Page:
AT&T reveals the reason for its massive outage – and it wasn’t a cyberattack

AT&T
AT&T is still assessing the impact of yesterday's drama (Image credit: Shutterstock / Jonathan Weiss)

We're still reeling from the scale and widespread impact of yesterday's huge AT&T outage, and information about what caused the breakdown in cell coverage is now coming to light. And it seems as though a good old-fashioned technical error was to blame.

"Based on our initial review, we believe that today's outage was caused by the application and execution of an incorrect process used as we were expanding our network, not a cyberattack," said AT&T in an update posted on its website.

"We are continuing our assessment of today's outage to ensure we keep delivering the service that our customers deserve," the statement continued. Somewhere in the region of 2 million reports were filed on Downdetector yesterday, as the incident progressed.

Spokesperson Jim Greer told the Washington Post that AT&T would continue to monitor the situation. The Post is also reporting that the FBI, the Department of Homeland Security, and the Federal Communications Commission are also investigating.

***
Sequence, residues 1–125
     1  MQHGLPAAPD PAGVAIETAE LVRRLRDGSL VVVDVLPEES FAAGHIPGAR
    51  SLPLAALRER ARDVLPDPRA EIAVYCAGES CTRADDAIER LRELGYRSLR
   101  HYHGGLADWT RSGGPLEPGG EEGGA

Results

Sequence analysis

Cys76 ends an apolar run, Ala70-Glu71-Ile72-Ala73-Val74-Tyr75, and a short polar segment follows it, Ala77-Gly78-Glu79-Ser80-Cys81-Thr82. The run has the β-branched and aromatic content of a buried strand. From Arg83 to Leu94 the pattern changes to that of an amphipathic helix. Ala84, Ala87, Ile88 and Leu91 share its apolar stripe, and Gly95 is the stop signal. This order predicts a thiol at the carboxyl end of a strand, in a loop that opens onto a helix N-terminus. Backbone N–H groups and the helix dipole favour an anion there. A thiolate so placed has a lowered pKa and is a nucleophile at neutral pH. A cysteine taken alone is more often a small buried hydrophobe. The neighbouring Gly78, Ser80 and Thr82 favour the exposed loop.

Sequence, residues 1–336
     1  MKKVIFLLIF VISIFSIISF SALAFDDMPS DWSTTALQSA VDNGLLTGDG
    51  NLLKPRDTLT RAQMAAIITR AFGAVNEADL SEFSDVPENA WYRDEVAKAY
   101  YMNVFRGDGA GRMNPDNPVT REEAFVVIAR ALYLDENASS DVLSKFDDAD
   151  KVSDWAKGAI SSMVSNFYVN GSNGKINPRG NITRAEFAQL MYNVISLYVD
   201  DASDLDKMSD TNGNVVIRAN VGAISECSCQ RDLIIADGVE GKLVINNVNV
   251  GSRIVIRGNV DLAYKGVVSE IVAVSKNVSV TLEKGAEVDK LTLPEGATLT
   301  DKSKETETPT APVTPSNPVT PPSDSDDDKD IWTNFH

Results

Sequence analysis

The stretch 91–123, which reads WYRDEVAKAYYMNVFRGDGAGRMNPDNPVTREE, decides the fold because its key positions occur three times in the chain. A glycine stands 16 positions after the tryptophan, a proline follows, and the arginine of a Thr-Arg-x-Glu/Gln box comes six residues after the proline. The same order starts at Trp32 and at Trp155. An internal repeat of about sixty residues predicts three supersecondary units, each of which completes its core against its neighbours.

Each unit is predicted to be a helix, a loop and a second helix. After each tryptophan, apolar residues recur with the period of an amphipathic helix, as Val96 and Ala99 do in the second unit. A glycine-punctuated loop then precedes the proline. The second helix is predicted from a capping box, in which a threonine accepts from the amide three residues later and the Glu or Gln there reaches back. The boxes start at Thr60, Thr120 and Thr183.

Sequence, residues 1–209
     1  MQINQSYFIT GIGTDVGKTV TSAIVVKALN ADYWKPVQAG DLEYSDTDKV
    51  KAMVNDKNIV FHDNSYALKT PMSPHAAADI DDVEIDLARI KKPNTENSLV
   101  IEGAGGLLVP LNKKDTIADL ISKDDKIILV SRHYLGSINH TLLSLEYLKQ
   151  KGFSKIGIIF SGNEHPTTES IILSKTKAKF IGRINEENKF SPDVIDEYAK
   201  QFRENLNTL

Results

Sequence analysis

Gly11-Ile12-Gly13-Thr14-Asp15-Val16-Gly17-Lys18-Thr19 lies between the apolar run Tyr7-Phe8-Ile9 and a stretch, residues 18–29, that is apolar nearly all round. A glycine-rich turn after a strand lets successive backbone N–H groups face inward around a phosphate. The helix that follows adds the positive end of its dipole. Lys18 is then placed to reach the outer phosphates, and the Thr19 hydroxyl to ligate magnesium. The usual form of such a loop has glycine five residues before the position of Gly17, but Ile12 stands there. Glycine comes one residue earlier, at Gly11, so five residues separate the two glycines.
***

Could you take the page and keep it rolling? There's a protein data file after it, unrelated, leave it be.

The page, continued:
More to come

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Yesterday's cell network outage was the biggest in recent memory, with problems apparently starting around 3.30am Eastern Time as the US was waking up. We saw reports of issues across multiple states, and 911 calls were also impacted.

While there were also reports of connection mishaps from Verizon and T-Mobile customers, it seems as though they were mostly related to getting through to people on AT&T – so the main outage seems to have only affected one carrier.

Of course this was a massive inconvenience for AT&T customers, who were unable to make personal or work calls while the incident was happening. AT&T has hinted that some compensation will be offered, but as yet we don't have any details on that.

No doubt there's lots more to come on this as AT&T weighs up what went wrong and how it can stop it from happening again. In the meantime, you might want to make sure you know how to set up Wi-Fi calling on your smartphone.

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David Nield
Freelance Contributor

Dave is a freelance tech journalist who has been writing about gadgets, apps and the web for more than two decades. Based out of Stockport, England, on TechRadar you'll find him covering news, features and reviews, particularly for phones, tablets and wearables. Working to ensure our breaking news coverage is the best in the business over weekends, David also has bylines at Gizmodo, T3, PopSci and a few other places besides, as well as being many years editing the likes of PC Explorer and The Hardware Handbook.